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Yinka grew up in the south west of Lagos, Nigeria but moved up to Scotland in 1999 to further his education. He took up fencing in 2000 as a foilist after trying a variety of sports during Freshers' Week at the outset of his studies at Heriot-Watt University in Edinburgh, Scotland. Encouraged by his first coach (Bert Bracewell), a former Scottish National Coach, he took up a secondary weapon, sabre, which would later become his primary weapon. In 2004, he decided to make sabre his sole weapon of choice as he found it complemented and enhanced his natural skills of speed and athleticism which are necessary factors needed to overcome his opponents. By his 2nd year at Heriot-Watt University, it soon became apparent to all that Yinka's talent had been recognized which led to him being selected as a substitute on the Scottish University Students' Team. He went on to captain the Scottish University Student's Team in 2002-2003 and the Heriot-Watt University Sabre Team that claimed gold in the 2003 British University Sports Association (BUSA) league. In 2004, Yinka was honored with a Blue Award by Heriot-Watt University, for outstanding sporting performance which was presented by Olympic Curling Gold Medalist Rona Martin.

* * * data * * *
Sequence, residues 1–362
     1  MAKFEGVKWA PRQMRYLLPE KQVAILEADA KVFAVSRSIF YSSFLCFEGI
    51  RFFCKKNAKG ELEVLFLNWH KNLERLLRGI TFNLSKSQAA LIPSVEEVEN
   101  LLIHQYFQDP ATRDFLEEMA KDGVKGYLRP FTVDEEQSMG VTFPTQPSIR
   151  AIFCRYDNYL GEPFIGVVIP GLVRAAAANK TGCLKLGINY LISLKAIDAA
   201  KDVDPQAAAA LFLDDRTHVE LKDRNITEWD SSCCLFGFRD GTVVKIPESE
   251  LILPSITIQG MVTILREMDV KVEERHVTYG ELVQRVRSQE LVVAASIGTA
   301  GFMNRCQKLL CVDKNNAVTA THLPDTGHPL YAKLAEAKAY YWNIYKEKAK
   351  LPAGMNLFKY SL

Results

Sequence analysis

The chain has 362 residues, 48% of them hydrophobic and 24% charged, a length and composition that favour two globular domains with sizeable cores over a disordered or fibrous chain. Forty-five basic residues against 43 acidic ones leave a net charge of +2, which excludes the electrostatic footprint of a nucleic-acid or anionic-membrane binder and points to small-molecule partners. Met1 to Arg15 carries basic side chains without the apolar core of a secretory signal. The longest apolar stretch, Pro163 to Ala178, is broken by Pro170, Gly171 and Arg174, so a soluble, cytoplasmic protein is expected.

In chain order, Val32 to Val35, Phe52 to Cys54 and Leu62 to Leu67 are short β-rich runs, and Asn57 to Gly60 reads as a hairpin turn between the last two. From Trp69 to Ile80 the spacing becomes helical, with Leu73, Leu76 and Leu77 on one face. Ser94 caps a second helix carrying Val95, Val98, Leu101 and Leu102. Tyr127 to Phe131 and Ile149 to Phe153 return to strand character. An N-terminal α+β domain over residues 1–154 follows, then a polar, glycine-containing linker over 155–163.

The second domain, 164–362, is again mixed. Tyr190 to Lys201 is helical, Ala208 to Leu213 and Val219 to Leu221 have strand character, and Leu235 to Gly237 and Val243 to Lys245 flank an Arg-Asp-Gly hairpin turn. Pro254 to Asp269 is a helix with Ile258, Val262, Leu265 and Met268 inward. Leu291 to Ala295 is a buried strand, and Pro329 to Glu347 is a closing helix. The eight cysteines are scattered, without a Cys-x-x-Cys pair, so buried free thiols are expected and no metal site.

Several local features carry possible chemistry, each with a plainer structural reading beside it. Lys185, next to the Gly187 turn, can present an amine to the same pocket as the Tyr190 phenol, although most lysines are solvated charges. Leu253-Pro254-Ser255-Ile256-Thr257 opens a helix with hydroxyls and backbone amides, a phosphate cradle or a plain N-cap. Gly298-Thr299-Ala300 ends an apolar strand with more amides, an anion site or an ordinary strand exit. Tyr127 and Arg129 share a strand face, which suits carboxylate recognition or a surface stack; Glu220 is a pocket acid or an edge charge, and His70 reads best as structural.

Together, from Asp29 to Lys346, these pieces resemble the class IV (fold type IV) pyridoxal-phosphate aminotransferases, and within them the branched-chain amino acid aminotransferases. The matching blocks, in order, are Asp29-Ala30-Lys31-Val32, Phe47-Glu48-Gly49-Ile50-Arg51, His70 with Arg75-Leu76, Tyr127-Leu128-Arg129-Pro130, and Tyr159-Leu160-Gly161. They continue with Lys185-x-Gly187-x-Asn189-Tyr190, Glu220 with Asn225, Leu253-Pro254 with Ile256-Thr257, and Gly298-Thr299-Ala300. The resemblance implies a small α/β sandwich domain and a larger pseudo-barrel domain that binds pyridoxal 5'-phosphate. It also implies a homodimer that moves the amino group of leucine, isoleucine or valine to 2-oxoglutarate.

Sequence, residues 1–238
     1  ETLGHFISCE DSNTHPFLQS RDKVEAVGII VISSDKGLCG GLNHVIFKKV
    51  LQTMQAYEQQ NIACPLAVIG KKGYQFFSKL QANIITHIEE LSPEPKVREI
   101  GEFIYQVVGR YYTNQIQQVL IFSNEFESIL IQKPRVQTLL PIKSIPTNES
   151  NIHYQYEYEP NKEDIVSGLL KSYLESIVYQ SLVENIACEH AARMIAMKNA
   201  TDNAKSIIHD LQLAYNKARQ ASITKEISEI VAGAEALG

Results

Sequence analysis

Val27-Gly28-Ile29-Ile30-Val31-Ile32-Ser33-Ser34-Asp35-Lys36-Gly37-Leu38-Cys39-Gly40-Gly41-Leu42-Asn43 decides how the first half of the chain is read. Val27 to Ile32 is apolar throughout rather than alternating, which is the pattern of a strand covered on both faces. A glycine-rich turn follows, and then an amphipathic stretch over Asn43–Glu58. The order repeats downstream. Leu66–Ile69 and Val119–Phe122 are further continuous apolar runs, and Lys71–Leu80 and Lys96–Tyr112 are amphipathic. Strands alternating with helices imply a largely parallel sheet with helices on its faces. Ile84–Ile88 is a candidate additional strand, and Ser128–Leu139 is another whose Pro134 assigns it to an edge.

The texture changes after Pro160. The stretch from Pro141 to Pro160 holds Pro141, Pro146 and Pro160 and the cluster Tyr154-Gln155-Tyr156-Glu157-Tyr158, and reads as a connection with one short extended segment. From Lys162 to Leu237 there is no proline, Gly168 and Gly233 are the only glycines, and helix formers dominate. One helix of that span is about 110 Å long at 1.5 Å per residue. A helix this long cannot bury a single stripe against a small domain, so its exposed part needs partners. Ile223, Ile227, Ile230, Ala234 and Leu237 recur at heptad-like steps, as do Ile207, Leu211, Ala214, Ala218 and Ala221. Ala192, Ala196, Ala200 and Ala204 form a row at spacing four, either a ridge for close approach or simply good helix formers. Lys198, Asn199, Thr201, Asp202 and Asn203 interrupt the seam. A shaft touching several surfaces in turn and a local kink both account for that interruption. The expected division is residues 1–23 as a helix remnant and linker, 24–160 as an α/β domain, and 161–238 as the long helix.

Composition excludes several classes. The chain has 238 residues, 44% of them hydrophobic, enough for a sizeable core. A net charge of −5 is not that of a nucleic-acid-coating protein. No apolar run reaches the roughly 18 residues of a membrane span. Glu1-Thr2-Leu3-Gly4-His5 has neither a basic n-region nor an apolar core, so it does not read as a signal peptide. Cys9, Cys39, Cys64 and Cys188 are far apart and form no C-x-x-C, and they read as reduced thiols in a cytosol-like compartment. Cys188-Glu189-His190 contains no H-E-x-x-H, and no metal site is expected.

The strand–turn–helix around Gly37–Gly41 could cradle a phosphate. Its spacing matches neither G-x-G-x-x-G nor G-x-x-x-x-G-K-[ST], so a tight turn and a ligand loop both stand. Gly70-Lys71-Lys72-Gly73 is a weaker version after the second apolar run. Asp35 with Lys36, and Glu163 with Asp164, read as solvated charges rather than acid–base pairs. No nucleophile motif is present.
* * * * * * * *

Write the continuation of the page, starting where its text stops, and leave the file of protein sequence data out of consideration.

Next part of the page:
In the summer of 2004, Yinka received a BEng Honors Degree in Chemical Engineering from Heriot-Watt University. After graduating, he worked part-time while looking for a permanent position within this chosen field. During this period, he joined Edinburgh Fencing Club, where he had regular training sessions with the Scottish Fencing Squad. In June 2005, he was offered a permanent position working as a Process Engineer with Aker Solutions, a Norwegian oil and gas service company based in Aberdeen. Shortly after moving to Aberdeen, he joined Aberdeen City Fencing Club where he is currently involved in coaching beginners and honing the skills of more experienced fencers.
Yinka then went on to participate at the Commonwealth Fencing Championships, Belfast 2006, and worked his way into the top 100 fencers in the world by 2008.